Getting On With It
As a six-month separation slid headlong towards divorce, I longed for stories. There's no shortage of books about how to save your marriage or navigate a divorce. And I've found a few brave writers willing to share how sad, and hard and complicated divorce can be (thank you, Theo Nestor). But for the most part people seem to write around divorce instead of about it, skipping over the raw, messy middle section onto the part where life has moved on. (Even in Elizabeth Gilbert's wildly successful Eat, Pray, Love, all of the eating and praying and loving happen after she leaves her husband.)
I'm hungry for more.
There are good reasons that people don’t write more candidly about divorce. It isn’t really anyone else’s business, first of all. The stigma of the divorce and the shame that comes with it can make sharing your story feel a bit like strolling naked through a supermarket. And then, there are other people to consider–ex-spouses and kids and in-laws and lawyers. (Not necessarily in that order).
Nora Ephron was almost sued by her ex-husband for writing about their divorce, and her book was fiction. Her 1983 novel, Heartburn, is often considered the first divorce “memoir.” In it, Ephron tells a thinly-veiled version of the story of when her husband, the political figure Carl Bernstein, left her for another woman when she was still pregnant with their second son. Years later, when Ephron was asked what advice she would give to someone who was writing about their own divorce, she said, “Don’t do it.” (Mary Karr, it seems would agree. The hugely talented memoirist and author of "The Art of Memoir" includes in her list of things not to write about in a memoir, "a divorce you're going through."
Heartburn is smart and funny and endlessly charming–chock-full of one-liners that hit like sucker punches and recipes. (Yes, recipes.) It’s just the book you’d expect from the woman who went on to write rom-com classics “When Harry Met Sally” and “Sleepless In Seattle,” and a book of essays called, I Feel Bad About My Neck. But as I was reading I kept thinking, “Why isn’t she being more honest about how excruciatingly painful this must have been?”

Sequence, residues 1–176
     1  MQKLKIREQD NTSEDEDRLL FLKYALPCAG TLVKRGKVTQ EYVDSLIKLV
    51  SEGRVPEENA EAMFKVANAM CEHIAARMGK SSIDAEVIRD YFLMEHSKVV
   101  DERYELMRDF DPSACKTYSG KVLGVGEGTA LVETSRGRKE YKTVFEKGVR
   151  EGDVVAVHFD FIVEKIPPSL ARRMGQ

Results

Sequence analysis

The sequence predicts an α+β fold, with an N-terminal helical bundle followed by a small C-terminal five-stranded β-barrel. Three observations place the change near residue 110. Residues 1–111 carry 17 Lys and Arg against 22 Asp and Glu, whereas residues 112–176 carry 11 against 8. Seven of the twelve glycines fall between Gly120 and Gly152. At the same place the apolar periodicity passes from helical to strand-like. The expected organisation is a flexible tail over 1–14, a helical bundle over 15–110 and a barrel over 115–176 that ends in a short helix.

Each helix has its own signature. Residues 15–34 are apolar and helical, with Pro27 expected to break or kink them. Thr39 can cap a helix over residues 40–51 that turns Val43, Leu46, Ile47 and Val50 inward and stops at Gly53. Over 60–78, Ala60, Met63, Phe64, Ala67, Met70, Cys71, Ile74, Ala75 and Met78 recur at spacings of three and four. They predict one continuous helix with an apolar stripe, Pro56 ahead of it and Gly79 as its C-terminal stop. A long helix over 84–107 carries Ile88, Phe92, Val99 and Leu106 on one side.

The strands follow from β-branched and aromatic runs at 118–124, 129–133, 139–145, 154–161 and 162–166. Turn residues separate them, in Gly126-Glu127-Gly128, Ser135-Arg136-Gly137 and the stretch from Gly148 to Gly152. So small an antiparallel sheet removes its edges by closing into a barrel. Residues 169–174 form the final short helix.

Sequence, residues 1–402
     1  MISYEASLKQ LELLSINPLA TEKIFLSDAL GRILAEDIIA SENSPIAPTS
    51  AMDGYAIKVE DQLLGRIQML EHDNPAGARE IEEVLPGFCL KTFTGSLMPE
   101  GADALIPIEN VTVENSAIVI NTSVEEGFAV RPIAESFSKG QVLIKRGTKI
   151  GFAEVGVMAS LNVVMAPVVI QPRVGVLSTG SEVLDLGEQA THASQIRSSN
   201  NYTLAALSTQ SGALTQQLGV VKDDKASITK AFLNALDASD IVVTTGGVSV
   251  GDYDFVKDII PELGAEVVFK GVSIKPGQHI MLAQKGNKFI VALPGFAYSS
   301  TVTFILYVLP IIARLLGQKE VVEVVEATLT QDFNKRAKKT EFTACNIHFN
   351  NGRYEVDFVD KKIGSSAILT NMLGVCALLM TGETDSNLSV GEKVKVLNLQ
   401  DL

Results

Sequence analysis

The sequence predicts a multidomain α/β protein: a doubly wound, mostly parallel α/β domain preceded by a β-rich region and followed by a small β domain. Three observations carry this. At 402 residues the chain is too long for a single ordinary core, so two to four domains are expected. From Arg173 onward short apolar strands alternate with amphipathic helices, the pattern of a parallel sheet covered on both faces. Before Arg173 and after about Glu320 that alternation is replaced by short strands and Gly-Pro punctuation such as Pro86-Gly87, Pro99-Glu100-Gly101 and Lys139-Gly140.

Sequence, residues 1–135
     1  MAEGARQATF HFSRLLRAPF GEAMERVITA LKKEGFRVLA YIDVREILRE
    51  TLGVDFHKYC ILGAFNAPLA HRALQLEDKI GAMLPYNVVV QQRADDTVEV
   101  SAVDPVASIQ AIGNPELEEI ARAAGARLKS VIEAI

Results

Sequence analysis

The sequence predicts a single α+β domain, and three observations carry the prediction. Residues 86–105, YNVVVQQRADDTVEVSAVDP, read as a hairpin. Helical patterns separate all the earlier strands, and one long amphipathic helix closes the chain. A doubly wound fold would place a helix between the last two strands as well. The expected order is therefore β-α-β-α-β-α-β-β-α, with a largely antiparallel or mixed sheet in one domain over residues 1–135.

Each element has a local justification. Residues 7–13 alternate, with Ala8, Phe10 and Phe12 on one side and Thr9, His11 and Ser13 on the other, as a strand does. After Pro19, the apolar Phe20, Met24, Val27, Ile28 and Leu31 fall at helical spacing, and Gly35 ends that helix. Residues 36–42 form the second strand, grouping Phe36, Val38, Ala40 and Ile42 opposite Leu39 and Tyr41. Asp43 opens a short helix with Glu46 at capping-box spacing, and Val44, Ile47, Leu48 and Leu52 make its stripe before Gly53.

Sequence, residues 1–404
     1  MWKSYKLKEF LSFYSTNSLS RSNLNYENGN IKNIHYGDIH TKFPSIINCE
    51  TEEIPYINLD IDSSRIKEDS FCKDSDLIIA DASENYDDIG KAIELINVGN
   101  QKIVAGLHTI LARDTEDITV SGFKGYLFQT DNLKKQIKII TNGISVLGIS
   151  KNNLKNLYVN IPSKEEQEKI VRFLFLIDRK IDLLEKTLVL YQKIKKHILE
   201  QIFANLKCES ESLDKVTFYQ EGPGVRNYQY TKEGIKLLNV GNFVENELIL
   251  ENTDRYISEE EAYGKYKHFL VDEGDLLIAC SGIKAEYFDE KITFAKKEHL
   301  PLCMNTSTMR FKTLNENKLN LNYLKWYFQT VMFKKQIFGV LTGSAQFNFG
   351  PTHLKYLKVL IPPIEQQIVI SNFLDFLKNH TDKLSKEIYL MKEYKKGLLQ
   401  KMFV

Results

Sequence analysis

And then right there on page 176, it is as if Nora Ephron (who died in 2012) has heard my question and reached through space and time to answer it. She writes:
“It worries me that I’ve done what I usually do–hidden the anger, covered the pain, pretended it wasn’t there for the sake of a story… Vera said, ‘Why do you have to turn everything into a story?’
So I told her why:
Because if I tell the story, I control the version.
Because if I tell the story, I can make you laugh and I would rather have you laugh at me than feel sorry for me.
Because if I tell the story, it doesn’t hurt as much.
Because if I tell the story, I can get on with it.”
I’ve only been sharing more publicly about the end of my marriage for a few weeks now, but already I know what Nora Ephron means in those last two lines. I kept waiting for the divorce to feel over for me to share, and now I realize that the sharing is what has made it feel over. For now, at least. As I work on my memoir and these little micro-essays, I hope to write about my experience without watering down the pain.
Because if I tell a watered-down version of my story, then I can get on with it. But if I tell the truth, maybe I can make it easier for other people to get on it with it too.
Thank you to those who are following along on this writing journey, and for all the comments and shares and messages and support.
Have you read any books that talk about the experience of divorce? I’d love to hear recommendations for fiction and non-fiction books that both do and don't cut to the heart of the divorce experience.